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Tests on grain structure and scan resolution: comparison of 35mm and DCP, Technical Commission workshop, Los Angeles FIAF Congress, May 2017

Two FIAF Technical Commission Workshops

Il Cinema Ritrovato 2017, Bologna

Auditorium, Piazzetta Pier Paolo Pasolini


Tuesday 27 June, 9.30-10.30am

 

  • Céline Ruivo (Cinémathèque française): The FIAF Restoration Report Project: How to Document the Process of Restoration

The FIAF Restoration Report Project involves both the Technical and Cataloguing Commissions. Its goal is to explain how to document a restoration project, using clearer tools and standards provided by the Cataloguing Commission to organize all the data involved in a restoration – on the one hand, the research and analysis of the surviving elements; on the other, all the technical decisions that must be made in co-operation with the lab. These are intertwined; one can’t go without the other. Most archives currently use an internal report. We will also show examples of the museum procedure of “dossier d’oeuvre” (a work dossier), a documentation folder aiming to cover all aspects of preservation.

  • Camille Blot-Wellens (Researcher, Lecturer): The Film Identification Project

Harold Brown’s Physical Characteristics of Early Films as Aids to Identification, published by FIAF in 1990, is probably one of the most popular publications among archivists to identify and date materials in their collections. Nevertheless, as its title indicates, Brown’s study focuses on Early Cinema. It has therefore been necessary to uncover and gather more information to identify and date film stocks.

The Film Identification Project developed by Camille Blot-Wellens in the framework of the FIAF Technical Commission aims to gather existing data and find new information (through research and film materials analysis) on film stocks in order to make it available to all FIAF members.

 

Friday 30 June, 10.30am-12pm

 

  • Ulrich Ruedel (HTW Berlin): Analyzing Color Processes with Scientific Tools: Multicolor / Ufacolor / Sirius Color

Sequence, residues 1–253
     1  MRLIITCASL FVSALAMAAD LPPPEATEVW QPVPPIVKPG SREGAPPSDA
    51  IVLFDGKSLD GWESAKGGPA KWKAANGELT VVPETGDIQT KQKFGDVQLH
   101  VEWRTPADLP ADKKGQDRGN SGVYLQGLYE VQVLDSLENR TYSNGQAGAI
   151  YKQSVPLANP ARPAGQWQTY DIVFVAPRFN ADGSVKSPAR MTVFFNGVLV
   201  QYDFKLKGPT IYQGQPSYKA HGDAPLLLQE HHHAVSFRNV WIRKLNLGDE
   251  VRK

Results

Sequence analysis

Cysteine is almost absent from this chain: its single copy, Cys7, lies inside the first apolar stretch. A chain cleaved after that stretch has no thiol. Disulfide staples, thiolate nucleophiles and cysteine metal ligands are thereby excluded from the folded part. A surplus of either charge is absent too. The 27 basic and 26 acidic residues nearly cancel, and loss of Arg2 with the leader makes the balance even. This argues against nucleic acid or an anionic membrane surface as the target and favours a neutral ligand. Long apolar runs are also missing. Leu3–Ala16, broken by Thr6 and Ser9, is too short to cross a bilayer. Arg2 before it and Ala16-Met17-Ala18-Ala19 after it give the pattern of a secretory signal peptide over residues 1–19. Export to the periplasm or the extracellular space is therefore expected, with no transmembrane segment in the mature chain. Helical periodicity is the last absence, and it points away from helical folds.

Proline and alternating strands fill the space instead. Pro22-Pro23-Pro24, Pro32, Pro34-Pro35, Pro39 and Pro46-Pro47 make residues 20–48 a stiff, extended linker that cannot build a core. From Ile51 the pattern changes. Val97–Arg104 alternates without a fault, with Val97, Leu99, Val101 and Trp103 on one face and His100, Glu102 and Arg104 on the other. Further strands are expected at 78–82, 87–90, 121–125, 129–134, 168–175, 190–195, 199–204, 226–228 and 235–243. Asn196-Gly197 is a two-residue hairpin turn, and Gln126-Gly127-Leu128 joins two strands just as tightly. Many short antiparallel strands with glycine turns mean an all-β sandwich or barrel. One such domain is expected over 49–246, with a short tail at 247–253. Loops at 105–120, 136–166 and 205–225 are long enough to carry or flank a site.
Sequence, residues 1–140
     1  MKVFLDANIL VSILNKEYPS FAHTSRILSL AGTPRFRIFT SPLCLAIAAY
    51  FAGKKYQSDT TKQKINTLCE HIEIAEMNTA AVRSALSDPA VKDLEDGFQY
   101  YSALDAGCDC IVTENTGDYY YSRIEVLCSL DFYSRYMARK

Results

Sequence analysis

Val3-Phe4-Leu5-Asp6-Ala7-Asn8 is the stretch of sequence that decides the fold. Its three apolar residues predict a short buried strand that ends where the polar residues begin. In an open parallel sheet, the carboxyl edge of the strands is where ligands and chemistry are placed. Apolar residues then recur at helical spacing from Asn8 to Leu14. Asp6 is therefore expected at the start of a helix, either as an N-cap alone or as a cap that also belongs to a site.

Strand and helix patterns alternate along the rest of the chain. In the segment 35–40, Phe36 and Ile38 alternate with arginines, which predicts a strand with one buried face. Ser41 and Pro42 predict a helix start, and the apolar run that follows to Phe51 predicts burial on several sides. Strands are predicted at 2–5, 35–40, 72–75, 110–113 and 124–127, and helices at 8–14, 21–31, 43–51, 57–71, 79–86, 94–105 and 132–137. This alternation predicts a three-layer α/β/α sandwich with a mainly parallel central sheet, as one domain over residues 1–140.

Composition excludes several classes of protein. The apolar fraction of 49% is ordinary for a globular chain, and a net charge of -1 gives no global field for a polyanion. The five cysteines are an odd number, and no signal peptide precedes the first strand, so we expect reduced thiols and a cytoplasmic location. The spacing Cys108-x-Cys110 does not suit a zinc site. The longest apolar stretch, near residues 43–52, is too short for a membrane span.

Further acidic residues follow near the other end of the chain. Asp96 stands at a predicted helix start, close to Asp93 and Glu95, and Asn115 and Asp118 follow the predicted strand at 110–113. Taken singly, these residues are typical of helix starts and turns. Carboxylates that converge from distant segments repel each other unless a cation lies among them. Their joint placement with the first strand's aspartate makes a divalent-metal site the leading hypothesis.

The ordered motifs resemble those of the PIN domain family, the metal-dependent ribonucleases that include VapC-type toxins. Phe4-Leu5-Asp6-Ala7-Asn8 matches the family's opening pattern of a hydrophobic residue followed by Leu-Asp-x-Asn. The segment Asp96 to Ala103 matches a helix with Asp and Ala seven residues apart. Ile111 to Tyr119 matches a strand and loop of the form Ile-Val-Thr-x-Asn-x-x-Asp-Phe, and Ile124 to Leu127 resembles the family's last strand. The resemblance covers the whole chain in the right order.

At the University of Applied Sciences (HTW Berlin), moving image restoration is taught and pursued alongside more “classical” fields, such as the conservation of photographs and the conservation/restoration of archeological objects, modern materials, and industrial heritage. Approaches employing methods of using these classical conservation and restoration disciplines in the moving image field will be discussed. In particular, X-ray Fluorescence (XRF) spectroscopy and classical visual microscopy allow visualizing and elucidating the chemistries used in early applied colors, and in unusual natural color systems such as the Sirius Color process.

  • Céline Ruivo (Cinémathèque française): The Digital Statement Project

The Digital Statement is a work-in-progress of the Technical Commission. The result will be a written recommendation intended to extend FIAF’s Code of Ethics in the context of contemporary questions raised by digital practices in the film restoration field and to define a common FIAF vocabulary. This will be helpful for film restorers and institutions eager to respect the aesthetics and technical characteristics of original sources and elements in the digitization process. It will also include recent research on encoding systems for the long-term archiving of files.

  • Ulrich Ruedel: Scanning Sensors: The Bayer Pattern

After a brief look at the use of color (Bayer) chips in film color, we want to open up a discussion on whether the choice of scanning/imaging technology has not only practical but also restoration-ethical implications. These issues will also be considered for the FIAF TC Digital Statement.

  • Tiago Ganhão (ANIM, Cinemateca Portuguesa): Tests on Grain Structure and Scan Resolution: Comparison of 35mm and DCP

The goal of this test is to study how grain structure is captured by a 4K sensor of a specific machine, and how DCP compression affects the image. Depending on the emulsion (positive, intermediate, negative), we can have different reactions to different grain once the film has been scanned. These tests will aim to help us to illustrate visually our digital statements. They consist of shooting a camera negative with 3 elements: a grey patch, grey scale, and a resolution chart. These tests are a follow-up of what was presented at the recent FIAF Congress in Los Angeles.